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July 16, 2022

Why You Feel Exhausted During the Pandemic—and How to Deal

Why You Feel Exhausted During the Pandemic—and How to Deal

Updated May 6, 2020; 11:00 a.m. EST

If you’re not an essential worker during the COVID-19 pandemic, you’re likely spending a lot of time at home. You’re probably running far fewer errands than before, and there’s a good chance your travel has dropped to almost nil. You might even be sleeping more.

And yet, at the end of each day, you’re exhausted.

Don’t worry—you’re not alone in feeling perpetually wiped out. For millions of Americans, uncertainty about the outbreak, a constant stream of upsetting news and major disruptions to daily life have led to stress, sadness, anger and unhealthy behaviors—all of which can contribute to fatigue.

“A lot of people have changed the way they’re coping with the world,” says Jenn Crofts, Clinical Psychologist, PsyD, from Safe Harbor Counseling and Advocacy in Winter Park, Florida. “People are thinking, ‘I don’t have to go to work, so I’m going to sleep until 1 p.m. I’m going to eat 10 times per day.’ That physiological change is exacerbating how fatigued and stressed we feel.”

It’s completely normal to be tired right now. It’s a tiring time. But if you’d like to feel a little less drained at the end of each day, here’s what you can do.

Acknowledge you’re experiencing trauma
Trauma is an emotional response to a destructive event, such as an accident, natural disaster, sudden illness or assault—and it’s been linked to a host of physical, mental and emotional issues. After a traumatic event, many people experience shock or denial immediately. In the longer-term, effects can include mood swings and feelings of anger, sadness or anxiety, as well as sleep disorders and chronic fatigue.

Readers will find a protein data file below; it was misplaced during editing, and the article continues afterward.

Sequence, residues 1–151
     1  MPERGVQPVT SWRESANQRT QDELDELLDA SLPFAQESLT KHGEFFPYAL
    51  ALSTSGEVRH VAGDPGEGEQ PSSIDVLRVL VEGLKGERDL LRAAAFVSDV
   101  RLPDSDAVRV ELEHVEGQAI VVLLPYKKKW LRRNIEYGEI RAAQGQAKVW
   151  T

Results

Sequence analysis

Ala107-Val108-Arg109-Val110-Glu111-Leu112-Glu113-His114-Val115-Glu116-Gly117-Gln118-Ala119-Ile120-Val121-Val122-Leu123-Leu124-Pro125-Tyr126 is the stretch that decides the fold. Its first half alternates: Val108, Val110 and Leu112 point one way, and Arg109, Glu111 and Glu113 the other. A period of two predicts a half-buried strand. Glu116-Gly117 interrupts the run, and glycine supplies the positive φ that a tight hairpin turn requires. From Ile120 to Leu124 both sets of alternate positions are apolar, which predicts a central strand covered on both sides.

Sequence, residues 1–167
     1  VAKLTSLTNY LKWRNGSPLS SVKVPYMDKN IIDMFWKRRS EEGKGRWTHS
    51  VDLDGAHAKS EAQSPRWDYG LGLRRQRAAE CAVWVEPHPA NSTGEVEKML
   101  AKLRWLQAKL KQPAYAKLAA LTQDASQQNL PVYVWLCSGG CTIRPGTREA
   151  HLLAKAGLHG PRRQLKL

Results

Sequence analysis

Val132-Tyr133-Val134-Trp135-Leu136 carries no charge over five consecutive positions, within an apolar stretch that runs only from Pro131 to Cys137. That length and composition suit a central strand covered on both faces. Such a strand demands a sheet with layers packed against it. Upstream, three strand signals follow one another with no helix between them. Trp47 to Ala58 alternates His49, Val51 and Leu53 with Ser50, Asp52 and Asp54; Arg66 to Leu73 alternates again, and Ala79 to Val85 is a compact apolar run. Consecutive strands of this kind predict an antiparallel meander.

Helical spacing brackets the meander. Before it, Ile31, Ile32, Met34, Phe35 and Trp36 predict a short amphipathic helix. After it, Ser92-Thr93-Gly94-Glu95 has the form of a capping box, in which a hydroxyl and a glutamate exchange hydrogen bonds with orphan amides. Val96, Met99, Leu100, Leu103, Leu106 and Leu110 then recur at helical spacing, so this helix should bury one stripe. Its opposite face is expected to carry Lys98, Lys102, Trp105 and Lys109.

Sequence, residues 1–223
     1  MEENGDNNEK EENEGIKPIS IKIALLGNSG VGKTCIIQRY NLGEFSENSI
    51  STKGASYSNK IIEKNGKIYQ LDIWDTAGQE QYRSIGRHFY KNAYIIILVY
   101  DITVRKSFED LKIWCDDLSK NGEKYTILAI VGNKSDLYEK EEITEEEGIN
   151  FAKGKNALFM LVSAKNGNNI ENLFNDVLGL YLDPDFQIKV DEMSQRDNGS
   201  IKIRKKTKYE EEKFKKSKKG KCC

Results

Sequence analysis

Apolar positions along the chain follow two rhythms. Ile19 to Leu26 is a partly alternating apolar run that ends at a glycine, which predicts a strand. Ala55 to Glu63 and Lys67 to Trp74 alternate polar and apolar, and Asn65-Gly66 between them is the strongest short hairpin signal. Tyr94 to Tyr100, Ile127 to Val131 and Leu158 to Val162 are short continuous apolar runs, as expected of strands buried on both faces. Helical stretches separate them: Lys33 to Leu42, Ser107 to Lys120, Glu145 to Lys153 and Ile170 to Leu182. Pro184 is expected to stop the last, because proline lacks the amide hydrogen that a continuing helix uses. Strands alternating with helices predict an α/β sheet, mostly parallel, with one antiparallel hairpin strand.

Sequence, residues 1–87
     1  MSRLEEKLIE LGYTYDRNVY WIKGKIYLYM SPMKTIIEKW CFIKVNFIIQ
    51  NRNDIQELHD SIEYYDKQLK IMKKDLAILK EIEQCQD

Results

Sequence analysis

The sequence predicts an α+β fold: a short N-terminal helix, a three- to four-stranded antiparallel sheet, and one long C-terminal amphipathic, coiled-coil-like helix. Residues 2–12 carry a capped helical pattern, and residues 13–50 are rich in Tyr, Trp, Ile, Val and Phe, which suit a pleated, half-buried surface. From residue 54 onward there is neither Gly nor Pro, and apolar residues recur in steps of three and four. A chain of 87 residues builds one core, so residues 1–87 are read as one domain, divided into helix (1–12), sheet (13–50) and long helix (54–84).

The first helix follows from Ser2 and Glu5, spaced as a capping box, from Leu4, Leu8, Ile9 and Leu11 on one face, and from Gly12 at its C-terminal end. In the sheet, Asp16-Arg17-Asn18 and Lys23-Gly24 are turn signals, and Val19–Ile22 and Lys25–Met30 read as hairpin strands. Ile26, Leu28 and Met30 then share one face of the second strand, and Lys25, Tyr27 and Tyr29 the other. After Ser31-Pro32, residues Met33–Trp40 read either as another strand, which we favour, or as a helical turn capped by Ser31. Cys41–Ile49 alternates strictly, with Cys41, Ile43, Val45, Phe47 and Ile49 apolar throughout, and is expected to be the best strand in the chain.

The COVID-19 pandemic is a traumatic event—but that’s not all it is. “It’s important to recognize that the coronavirus is both a traumatic experience and a grief experience,” says Crofts. “When we talk about grief, it’s your sense of normalcy being lost; uncertainty is something a lot of people struggle with. The trauma is this change in your narrative—your world being turned upside-down—and trying to figure out how to make sense of it.”

Dealing with trauma and grief can drain you emotionally and sap you of energy. To help you cope—and perhaps feel less weary—Crofts recommends concentrating on what you have control over.

“Because your sense of safety and stability have been ripped away from you, you need to find the things within your realm of control,” she says. “What do you have that you can do right now? Focus on that.”

These strategies may help you deal with your experience and give you more momentum to get through each day:

  • Stay connected. Talking and laughing with the people you love can be revitalizing. Reach out to friends and family through phone calls, texts, emails or video chats.
  • Maintain a healthy daily routine. Wake up, go to bed and eat nutritious meals around the same time each day. Make sure to bathe and get dressed daily, and allow time for exercise and self-care, if possible.
  • Be kind to yourself. Remember what you’re feeling is normal, and you are not alone. Appreciate that you’re doing your best during these challenging times.

Hard as it may seem, many people will slowly become acclimated to life during the pandemic. But if your feelings become overwhelming or make it hard to function, it’s time to seek help. Contact a mental health professional or your healthcare provider. If you’re in crisis, you can also text HOME to 741741 or call the National Suicide Prevention Lifeline at 1-800-273-8255 or call, text, or chat 988.

Address your stress